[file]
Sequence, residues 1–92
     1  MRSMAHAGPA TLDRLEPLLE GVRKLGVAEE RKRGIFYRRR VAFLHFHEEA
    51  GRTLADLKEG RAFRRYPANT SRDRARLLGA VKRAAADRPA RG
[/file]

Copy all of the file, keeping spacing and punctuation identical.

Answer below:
Sequence, residues 1–92
     1  MRSMAHAGPA TLDRLEPLLE GVRKLGVAEE RKRGIFYRRR VAFLHFHEEA
    51  GRTLADLKEG RAFRRYPANT SRDRARLLGA VKRAAADRPA RG